Cartoons from the Past
I’ve gathered a few vintage cartoons from over a half century ago to show you some of the cartoons of those days. Maybe this can give you a little feeling of the times back then. In some cases the cartoons are exactly as they appeared, while in other cases I’ve had to change something in the cartoon for various reasons, including
A cartoon is a form of two-dimensional illustrated visual art. While the specific definition has changed over time, modern usage refers to a typically non-realistic or semi-realistic drawing or painting intended for satire, caricature, or humor, or to the artistic style of such works. An artist who creates cartoons is called a cartoonist.
The term cartoon originated in the Middle Ages and first described a preparatory drawing for a piece of art, such as a painting, fresco, tapestry, or stained glass window. In the 19th century, it came to refer to humorous illustrations in magazines and newspapers, and in the early 20th century and onward until today it refers to comic strips and animated films.
Cartoons in Print Media
In modern print media, a cartoon is a piece of art, usually humorous in intent. This usage dates from 1843 when Punch magazine applied the term to satirical drawings in its pages. Modern single-panel gag cartoons, found in magazines, generally consist of a single drawing with a typeset caption positioned beneath or (much less often) a speech balloon.
Editorial cartoons are found almost exclusively in news publications and news websites. Although they also employ humor, they are more serious in tone, commonly using irony or satire. The art usually acts as a visual metaphor to illustrate a point of view on current social and/or political topics. Editorial cartoons often include speech balloons and, sometimes, multiple panels.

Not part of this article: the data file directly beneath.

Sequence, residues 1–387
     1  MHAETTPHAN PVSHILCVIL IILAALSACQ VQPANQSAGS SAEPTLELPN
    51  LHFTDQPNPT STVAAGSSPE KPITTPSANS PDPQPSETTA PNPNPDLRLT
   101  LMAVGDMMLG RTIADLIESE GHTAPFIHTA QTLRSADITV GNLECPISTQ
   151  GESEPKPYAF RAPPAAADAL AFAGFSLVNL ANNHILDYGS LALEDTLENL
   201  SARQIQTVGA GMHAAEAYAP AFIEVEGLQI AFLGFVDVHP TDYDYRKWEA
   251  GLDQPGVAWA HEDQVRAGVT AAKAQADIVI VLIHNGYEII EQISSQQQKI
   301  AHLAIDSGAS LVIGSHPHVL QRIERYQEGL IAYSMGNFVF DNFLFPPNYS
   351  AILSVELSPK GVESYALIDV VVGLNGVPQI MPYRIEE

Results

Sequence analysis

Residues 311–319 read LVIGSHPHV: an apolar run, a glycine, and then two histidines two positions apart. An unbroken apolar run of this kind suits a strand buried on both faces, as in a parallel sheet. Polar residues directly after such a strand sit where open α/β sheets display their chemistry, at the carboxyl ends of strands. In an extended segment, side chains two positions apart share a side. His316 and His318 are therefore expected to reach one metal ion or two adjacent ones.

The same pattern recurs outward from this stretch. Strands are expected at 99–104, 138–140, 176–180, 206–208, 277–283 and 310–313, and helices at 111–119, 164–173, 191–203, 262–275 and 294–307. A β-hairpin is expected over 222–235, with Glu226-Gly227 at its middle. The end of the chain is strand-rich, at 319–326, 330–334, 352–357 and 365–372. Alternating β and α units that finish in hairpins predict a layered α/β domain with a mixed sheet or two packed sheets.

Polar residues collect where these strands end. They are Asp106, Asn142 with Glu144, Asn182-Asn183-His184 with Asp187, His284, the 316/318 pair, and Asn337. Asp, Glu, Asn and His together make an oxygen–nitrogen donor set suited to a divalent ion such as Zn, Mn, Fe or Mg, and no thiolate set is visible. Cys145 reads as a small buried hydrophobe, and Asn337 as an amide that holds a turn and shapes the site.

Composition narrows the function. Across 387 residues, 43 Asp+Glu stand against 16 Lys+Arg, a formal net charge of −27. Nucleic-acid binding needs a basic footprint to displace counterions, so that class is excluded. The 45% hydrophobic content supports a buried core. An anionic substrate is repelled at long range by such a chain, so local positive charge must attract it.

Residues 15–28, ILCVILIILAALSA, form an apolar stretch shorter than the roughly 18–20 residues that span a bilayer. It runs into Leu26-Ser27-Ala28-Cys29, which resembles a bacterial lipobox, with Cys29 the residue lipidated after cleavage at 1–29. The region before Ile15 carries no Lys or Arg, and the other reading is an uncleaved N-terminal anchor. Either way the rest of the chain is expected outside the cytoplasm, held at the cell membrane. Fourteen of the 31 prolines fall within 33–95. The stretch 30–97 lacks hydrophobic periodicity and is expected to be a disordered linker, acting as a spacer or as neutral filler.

Comic strips, also known as “cartoon strips” in the United Kingdom, are found daily in newspapers worldwide, and are usually a short series of cartoon illustrations in sequence. In the United States they are not as commonly called “cartoons” themselves, but rather “comics” or “funnies”. Nonetheless, the creators of comic strips—as well as comic books and graphic novels—are usually referred to as “cartoonists”. Although humor is the most prevalent subject matter, adventure and drama are also represented in this medium.
There are stylistic similarities between comic strips and early animated movies. Because of this “cartoon” came to refer to animation, and the word “cartoon” is currently used to refer to both animated cartoons and gag cartoons. Animation designates any style of illustrated images seen in rapid succession to give the impression of movement. The word “cartoon” is most often used in reference to TV programs and short films for children featuring animals, superheroes, child adventures and related genres.
More Comic Cartoons
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